According to Maud Grieve’s A Modern Herbal, purple dead nettle has some useful medicinal applications:

                                    • The leaves and flowers can be used, either fresh or dry, “to make a decoction for checking any kind of haemorrhage.”
                                    • Mash the leaves so they’re bruised, and apply them to minor skin abrasions and wounds.
                                    • Make the dried leaves into a tea and sweeten with honey, to help promote perspiration and urination.

                                    Obviously, if you have any of the above issues, you should consult with a medical professional before ingesting any herbal decoction.

                                    Many people forage for purple dead nettle, and use it fresh in salads and teas. It’s got a bitter flavor, and can be eaten raw or cooked, depending on your preference. Collect and harvest the stems and flowers, hang them to dry, and use them for medicinal or magical purposes.

                                    Magical Uses for Dead Nettle

                                    From a magical standpoint, purple dead nettle is associated with happiness and cheerfulness. You’ll also notice that it can grow just about anywhere, even when the soil is of poor quality, which brings to mind a certain amount of determination and tenacity.

                                    You can use dead nettle in a number of magical ways, based on these associations.

                                    • Use the dried leaves and flowers in a loose incense blend to lift your spirits when you’re feeling blue.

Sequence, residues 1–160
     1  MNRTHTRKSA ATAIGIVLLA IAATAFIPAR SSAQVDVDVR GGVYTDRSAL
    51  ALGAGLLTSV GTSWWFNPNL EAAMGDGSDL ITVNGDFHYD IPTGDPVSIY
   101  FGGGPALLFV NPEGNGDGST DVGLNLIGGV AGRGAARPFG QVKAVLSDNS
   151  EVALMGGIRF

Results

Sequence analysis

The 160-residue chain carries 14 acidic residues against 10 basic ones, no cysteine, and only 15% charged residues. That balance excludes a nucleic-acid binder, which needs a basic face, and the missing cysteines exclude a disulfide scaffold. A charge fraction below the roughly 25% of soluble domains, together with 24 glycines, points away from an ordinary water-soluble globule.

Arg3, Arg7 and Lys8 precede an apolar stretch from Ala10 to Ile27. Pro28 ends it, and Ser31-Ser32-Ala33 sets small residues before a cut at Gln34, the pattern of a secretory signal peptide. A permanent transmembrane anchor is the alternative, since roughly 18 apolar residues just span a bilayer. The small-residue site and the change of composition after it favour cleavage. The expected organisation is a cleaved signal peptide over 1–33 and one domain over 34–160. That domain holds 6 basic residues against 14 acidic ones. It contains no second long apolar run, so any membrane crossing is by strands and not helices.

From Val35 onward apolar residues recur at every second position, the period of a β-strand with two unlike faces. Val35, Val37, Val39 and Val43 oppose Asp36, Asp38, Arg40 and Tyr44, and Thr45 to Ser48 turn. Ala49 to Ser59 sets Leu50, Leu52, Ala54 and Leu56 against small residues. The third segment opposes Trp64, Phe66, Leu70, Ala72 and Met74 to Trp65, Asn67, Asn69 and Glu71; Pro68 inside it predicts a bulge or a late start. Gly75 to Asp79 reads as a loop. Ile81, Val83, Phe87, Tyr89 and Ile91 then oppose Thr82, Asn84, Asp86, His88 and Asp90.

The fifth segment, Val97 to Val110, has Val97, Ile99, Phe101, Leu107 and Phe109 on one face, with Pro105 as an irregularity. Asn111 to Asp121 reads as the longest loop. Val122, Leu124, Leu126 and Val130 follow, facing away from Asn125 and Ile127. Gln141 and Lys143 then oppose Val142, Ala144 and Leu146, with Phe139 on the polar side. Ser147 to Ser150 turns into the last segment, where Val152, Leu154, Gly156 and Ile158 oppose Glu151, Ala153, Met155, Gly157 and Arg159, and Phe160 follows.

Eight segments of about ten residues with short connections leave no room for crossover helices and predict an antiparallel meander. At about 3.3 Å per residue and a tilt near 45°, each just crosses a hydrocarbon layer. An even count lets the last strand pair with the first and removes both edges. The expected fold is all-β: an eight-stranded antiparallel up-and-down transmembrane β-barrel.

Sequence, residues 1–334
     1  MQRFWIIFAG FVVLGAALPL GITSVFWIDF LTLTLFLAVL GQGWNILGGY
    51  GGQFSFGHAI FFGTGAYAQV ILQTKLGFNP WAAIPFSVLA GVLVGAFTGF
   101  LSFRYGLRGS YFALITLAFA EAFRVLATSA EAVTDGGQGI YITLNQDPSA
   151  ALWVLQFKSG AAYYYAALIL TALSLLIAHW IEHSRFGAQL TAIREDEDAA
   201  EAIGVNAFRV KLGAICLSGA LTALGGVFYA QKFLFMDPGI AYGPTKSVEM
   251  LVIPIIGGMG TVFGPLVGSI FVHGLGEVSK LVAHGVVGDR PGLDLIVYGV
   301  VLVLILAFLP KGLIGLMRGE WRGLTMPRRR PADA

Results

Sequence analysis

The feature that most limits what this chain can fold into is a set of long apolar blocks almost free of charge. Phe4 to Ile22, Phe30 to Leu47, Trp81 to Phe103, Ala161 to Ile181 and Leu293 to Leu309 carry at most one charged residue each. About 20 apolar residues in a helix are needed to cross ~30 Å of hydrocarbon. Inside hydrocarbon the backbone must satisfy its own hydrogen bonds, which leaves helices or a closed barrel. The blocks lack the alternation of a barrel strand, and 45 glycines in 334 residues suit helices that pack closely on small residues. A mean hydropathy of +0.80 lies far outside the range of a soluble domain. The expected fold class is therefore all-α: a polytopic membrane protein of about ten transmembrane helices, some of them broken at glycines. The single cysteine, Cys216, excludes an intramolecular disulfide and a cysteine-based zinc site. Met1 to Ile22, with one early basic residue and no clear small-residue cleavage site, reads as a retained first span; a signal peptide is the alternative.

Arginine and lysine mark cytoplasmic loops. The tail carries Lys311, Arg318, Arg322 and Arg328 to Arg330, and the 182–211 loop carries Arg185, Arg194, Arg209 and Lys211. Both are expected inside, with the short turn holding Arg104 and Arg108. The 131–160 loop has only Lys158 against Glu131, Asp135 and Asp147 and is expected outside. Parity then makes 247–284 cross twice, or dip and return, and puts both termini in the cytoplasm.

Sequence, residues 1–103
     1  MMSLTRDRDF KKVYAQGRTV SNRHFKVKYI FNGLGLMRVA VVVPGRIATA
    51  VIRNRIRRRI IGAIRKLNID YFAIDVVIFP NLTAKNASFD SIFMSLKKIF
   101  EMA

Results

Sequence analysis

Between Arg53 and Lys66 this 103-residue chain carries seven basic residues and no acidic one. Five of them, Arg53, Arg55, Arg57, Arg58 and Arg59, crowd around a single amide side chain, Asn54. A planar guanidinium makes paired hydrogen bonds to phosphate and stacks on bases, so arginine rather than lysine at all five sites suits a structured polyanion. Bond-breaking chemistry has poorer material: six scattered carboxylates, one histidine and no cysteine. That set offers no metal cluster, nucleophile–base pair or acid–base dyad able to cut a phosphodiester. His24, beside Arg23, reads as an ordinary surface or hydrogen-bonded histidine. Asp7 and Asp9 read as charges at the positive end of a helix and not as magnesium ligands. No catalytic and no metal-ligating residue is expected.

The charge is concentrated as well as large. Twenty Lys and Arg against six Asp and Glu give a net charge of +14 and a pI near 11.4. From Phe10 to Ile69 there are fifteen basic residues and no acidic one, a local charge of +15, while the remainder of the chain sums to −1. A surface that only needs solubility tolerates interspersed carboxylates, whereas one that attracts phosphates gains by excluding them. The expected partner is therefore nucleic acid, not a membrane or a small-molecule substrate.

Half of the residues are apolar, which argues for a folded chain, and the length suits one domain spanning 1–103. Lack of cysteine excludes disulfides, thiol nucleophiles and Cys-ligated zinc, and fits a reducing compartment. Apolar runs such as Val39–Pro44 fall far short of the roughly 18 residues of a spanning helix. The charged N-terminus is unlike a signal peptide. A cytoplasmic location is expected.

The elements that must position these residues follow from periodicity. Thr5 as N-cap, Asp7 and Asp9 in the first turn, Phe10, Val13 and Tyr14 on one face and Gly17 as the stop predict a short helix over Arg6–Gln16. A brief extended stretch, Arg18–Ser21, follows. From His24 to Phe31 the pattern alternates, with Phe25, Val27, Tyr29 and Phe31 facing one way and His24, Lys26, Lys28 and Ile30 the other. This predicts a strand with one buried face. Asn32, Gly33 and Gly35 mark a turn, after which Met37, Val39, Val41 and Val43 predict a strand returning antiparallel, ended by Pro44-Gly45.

• Need to help yourself feel more grounded in a time of challenges? Bring out the purple dead nettle, and use it in workings to represent fortitude and willpower.
                                    • If you’re doing a working related to healing magic, you can include purple dead nettle to help improve the health of the spirit as well as the body.
                                    • Purple dead nettle is hardy and resistant to obstacles – use it in magic related to the security and stability of home, jobs or relationships.

                                    So, how do you actually use it? Well, you can harvest and dry it and use it in incense blends. You can also incorporate the leaves into a tea or healing decoction. Grace Elm at the Little Victorian says,

                                    “Popping up in the earliest spring-like moments, purple deadnettle is a maideny herb. In older folklore it was said to be a cheerful herb that makes the heart merry. It grows enthusiastically were groundcover is patchy or where the soil has been disturbed, pointing to a tenacious nature and the ability to make something lovely and useful out of a barren environment.”

                                    Do be cautious when using purple deadnettle — ingesting too much internally can have laxative effects, and it’s not safe for pregnant or breastfeeding women to use.

                                    See also  K1 seeds